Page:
Property crime in San Francisco has been on an upward trajectory over the past decade, as evidenced by the above data from the city's police department.  It peaked in July this year with 3,762 reported incidents compared to the lowest number of incidents in the past decade of 2,243 incidents in May 2010.

Property crime in San Francisco has been on an upward trajectory over the past decade, as evidenced by the above data from the city’s police department. It peaked in July this year with 3,762 reported incidents compared to the lowest number of incidents in the past decade of 2,243 incidents in May 2010.

Sheryl Davis, the executive director of the Human Rights Commission, says there's more to the program than some might consider obvious.

Sheryl Davis, the executive director of the Human Rights Commission, says there’s more to the program than some might consider obvious.

Participants are paired with life coaches from the city’s Street Violence Intervention Program and serve as “community ambassadors.”

Critics were quick to attack the latest San Francisco awakening initiative.

The program is modeled on a program launched in 2016 in Richmond, California, which has reduced the city’s firearms homicide rate by 55 percent, according to a 2019 study. But critics say the findings were viewed with too small a sample size to judge whether such a program would be successful again or elsewhere.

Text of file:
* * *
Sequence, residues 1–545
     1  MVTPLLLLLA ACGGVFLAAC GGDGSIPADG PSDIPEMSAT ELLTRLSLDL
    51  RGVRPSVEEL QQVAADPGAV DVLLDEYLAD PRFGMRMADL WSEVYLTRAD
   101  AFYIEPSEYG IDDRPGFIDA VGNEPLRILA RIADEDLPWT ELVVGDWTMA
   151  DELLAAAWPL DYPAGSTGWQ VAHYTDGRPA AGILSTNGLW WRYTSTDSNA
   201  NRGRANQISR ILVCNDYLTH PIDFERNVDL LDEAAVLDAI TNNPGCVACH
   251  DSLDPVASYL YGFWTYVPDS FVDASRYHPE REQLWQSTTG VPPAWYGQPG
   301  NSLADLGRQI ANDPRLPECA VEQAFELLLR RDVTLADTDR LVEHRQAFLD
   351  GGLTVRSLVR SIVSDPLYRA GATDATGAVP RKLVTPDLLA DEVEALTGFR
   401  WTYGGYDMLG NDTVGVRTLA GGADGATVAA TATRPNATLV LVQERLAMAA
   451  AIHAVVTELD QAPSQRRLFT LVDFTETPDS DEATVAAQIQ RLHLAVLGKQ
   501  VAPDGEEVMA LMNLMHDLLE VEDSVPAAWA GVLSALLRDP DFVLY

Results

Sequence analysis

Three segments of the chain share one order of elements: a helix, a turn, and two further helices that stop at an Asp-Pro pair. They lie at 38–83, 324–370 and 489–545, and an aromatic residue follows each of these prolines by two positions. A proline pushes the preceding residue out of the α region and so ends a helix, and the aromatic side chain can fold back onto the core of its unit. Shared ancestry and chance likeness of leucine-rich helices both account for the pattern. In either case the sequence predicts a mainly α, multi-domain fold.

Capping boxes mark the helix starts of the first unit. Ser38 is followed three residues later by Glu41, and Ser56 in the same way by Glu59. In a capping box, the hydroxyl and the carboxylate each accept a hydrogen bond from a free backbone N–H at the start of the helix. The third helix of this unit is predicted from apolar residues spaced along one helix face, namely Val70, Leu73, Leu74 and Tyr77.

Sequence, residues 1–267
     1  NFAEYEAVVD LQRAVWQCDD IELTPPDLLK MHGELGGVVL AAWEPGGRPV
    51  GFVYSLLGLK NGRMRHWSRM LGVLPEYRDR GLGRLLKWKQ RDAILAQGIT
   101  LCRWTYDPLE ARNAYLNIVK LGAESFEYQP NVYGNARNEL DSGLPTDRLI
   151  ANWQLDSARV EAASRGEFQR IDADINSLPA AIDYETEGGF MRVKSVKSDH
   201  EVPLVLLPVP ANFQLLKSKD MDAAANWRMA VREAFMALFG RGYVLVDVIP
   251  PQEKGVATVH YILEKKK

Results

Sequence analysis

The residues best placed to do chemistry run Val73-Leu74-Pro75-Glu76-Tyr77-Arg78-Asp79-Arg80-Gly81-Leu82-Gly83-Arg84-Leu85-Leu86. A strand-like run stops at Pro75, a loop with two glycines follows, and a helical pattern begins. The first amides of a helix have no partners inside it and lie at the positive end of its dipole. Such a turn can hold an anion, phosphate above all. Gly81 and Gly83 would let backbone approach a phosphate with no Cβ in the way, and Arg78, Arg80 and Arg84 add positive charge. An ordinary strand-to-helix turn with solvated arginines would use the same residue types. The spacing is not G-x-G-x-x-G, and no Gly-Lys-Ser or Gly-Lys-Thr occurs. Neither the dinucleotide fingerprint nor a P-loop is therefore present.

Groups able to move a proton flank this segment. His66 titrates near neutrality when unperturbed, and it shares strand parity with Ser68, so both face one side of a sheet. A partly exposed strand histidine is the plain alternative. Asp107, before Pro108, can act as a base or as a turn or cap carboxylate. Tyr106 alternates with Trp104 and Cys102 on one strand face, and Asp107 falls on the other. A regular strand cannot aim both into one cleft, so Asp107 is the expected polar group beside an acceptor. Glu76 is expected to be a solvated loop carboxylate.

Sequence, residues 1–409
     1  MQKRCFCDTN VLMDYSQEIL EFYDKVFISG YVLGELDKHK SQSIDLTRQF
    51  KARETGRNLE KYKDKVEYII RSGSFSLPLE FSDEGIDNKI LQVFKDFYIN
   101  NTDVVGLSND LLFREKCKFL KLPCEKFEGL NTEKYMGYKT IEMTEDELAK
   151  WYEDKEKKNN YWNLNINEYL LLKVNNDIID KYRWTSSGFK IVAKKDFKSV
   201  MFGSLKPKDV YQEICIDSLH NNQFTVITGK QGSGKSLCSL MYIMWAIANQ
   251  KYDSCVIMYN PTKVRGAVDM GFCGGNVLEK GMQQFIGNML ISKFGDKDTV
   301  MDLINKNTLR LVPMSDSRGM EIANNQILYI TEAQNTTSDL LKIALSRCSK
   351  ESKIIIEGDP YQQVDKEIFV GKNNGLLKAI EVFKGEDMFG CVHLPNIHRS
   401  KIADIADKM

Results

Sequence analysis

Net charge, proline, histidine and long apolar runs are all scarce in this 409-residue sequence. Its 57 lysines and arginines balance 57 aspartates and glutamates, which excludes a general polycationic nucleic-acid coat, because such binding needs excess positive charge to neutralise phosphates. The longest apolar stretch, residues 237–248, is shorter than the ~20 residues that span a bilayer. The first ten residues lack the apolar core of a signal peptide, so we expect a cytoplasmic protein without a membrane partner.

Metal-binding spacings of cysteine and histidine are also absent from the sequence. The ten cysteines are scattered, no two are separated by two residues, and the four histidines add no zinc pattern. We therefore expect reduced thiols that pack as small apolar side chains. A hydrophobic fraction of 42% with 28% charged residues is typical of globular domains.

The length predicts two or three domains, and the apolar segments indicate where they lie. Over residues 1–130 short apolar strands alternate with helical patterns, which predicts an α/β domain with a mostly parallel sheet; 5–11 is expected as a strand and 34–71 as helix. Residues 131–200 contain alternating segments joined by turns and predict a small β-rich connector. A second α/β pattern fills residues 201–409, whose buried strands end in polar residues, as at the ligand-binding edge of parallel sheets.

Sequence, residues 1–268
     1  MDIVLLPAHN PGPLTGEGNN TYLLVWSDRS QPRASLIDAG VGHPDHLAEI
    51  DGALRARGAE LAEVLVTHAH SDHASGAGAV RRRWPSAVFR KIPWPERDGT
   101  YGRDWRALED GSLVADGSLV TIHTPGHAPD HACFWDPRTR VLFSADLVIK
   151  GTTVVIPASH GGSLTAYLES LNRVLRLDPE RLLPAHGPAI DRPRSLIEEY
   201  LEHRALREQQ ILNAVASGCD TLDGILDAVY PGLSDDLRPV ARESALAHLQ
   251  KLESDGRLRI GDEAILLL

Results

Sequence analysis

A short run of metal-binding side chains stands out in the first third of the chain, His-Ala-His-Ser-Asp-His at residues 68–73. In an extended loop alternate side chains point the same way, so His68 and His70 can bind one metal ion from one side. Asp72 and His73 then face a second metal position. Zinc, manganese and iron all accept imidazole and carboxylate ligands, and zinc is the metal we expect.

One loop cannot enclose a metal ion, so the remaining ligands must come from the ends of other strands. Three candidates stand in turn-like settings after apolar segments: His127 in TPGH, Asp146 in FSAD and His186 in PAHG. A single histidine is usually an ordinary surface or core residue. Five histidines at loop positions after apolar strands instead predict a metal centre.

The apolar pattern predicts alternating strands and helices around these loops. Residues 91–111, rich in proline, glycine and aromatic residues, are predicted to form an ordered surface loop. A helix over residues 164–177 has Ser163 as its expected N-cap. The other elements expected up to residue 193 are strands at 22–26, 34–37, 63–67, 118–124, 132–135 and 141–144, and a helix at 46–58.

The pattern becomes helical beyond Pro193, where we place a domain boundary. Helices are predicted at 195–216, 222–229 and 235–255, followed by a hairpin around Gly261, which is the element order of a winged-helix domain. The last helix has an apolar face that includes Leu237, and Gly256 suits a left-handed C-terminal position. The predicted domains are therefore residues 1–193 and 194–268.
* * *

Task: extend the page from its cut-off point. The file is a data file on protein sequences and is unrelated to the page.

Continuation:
The Washington ExaminerDavid Freddoso wrote: ‘Violent criminals need jail time. They don’t need cash. People who shoot other people should be walled in prisons and kept away from the rest of us. Nobody deserves to be paid for not shooting people.’

Shootings in San Francisco peaked this year, as 119 gun-related victims were reported in the first half of 2021 — doubling the number during the same duration in 2020.

Property crime in San Francisco has also been on the rise over the past decade. According to data from the city’s police, property crime peaked in July this year with 3,762 reported incidents, compared to the lowest number of incidents in the past decade, with 2,243 incidents in May 2010.

The rollout of the program comes as California strives to become the first state to pay drug addicts if they promise to get sober. Governor Gavin Newsom last week asked the federal government for permission to use taxpayers’ money to pay for the program through Medicaid.

And the proposal is going through the Democratic-controlled California legislature, where it has already passed the Senate without opposition and is pending in the Assembly, where it has a Republican co-author.

The San Francisco Police Department's crime dashboard shows a dizzying trend in theft incidents over the past two years.  Theft, including shoplifting, got worse after 2014 when the charge for theft of property less than $950 in value was reduced from felony to felony